The following gases, with steam, are invariably present in geothermal discharges from both natural features and wells: CO2, H2S, NH3, N2, H2, CH4. These gases are often collectively referred to as the “non-condensible gases”. Despite the near ubiquitous presence of these speeies, the exploration and evaluation of geothermal systems has traditionally placed greater emphasis on the sampling, analysis and interpretation of water chemistry, with gas chemistry rarely considered in the same detail. The greater care which gas sampling requires, coupled with the variability of gas compositions within a field and the sensitivity of gas equilibria to pressure, vapour-liquid Separation processes and temperature has led to a lack of confidence in the interpretation of gas chemistry relative to water compositions. However, improved analytical procedures and an increasing database of geothermal gas compositions, particularly from well discharges, mean that it is possible to give gas chemistry the detailed consideration it deserves in all phases of the geothermal resource development.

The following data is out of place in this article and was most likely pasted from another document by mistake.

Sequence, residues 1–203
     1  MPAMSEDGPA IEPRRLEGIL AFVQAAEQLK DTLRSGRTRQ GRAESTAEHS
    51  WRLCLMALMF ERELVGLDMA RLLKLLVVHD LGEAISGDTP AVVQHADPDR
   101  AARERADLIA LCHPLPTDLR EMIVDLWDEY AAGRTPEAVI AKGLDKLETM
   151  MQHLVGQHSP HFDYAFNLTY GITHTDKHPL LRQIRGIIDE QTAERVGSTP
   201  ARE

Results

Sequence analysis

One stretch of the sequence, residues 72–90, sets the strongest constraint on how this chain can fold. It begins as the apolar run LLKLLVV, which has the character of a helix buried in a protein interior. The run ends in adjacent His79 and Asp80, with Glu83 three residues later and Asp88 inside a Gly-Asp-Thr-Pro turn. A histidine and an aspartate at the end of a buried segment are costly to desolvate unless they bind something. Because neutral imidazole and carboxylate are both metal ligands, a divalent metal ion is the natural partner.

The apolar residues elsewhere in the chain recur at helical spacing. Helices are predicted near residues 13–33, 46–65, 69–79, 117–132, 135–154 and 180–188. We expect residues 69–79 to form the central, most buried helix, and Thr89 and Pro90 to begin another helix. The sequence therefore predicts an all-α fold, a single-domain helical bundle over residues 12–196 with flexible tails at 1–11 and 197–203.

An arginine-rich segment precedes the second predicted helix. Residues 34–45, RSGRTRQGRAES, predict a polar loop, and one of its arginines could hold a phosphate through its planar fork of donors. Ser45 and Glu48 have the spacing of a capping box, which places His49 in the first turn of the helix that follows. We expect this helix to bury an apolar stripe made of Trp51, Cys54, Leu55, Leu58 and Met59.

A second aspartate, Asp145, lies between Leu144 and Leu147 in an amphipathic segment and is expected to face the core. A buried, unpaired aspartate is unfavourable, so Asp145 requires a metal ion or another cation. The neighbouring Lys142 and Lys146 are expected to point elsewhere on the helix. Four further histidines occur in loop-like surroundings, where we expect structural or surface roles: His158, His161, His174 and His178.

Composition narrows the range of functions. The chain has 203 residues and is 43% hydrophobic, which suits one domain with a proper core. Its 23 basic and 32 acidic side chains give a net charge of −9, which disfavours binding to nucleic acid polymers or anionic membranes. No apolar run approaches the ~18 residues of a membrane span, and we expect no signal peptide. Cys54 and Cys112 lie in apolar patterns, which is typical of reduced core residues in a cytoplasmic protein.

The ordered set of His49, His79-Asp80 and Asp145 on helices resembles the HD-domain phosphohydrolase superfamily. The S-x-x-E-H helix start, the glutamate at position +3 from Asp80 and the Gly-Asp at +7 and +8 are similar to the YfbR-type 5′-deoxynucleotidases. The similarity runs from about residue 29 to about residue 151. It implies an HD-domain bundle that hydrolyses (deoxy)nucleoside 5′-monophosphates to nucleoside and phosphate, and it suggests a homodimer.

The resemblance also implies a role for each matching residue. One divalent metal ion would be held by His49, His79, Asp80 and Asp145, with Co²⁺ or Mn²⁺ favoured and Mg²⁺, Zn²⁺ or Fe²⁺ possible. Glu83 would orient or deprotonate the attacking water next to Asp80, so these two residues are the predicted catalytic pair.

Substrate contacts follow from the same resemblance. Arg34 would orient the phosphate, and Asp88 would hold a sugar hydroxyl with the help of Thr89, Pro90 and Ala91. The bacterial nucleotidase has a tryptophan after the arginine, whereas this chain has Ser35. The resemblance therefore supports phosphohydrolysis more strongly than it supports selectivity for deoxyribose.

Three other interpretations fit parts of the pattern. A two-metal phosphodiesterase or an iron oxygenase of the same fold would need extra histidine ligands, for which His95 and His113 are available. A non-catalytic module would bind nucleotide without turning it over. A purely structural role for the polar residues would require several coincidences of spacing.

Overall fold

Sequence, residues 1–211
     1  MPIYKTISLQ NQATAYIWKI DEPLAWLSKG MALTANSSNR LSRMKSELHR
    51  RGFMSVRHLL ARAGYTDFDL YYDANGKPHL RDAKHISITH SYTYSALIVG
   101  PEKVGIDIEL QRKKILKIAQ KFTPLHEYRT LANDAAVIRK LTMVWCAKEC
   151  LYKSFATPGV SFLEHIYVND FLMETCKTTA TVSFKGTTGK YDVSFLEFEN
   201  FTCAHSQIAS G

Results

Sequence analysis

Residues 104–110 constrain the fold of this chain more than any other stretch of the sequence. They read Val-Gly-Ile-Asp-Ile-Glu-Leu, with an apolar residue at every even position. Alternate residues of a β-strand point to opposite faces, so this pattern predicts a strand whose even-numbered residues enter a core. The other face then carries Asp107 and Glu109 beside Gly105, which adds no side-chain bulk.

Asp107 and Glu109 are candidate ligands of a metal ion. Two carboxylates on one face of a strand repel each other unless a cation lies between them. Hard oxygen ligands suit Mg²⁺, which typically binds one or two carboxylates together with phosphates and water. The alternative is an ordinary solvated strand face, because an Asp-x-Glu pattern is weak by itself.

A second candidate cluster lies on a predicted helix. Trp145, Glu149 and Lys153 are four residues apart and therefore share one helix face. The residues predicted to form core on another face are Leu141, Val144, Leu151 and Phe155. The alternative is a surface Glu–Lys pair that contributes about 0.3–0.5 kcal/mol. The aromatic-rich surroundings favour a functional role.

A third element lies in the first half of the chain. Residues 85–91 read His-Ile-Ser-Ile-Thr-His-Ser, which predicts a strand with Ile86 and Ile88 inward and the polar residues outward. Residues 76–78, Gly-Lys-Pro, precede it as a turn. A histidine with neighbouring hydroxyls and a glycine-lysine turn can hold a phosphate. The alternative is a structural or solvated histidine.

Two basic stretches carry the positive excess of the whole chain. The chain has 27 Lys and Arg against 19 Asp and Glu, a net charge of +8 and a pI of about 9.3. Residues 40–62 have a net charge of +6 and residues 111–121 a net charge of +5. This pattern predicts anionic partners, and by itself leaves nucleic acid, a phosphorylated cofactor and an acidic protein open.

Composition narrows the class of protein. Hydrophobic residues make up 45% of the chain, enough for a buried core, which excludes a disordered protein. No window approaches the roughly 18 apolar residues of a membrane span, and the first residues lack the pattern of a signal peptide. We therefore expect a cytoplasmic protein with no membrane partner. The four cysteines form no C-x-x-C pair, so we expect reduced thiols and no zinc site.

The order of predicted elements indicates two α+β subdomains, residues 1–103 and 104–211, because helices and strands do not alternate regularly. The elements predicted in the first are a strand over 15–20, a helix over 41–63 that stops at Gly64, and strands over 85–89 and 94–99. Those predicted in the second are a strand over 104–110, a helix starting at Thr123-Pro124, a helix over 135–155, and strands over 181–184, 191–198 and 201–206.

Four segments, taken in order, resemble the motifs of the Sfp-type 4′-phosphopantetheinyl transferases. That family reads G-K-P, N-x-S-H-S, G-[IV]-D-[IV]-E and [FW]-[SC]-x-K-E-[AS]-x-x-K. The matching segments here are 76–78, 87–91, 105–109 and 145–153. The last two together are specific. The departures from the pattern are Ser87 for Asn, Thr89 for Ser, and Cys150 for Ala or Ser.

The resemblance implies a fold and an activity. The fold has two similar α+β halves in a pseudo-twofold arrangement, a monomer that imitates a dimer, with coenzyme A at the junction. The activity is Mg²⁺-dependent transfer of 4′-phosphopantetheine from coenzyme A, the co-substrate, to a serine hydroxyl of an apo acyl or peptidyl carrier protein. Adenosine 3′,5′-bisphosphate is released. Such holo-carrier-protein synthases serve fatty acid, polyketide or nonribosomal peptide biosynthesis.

Weitere Kapitel dieses Buchs durch Wischen aufrufen
- Gas Chemistry
Dr. Keith Nicholson
- Springer Berlin Heidelberg
- Chapter 3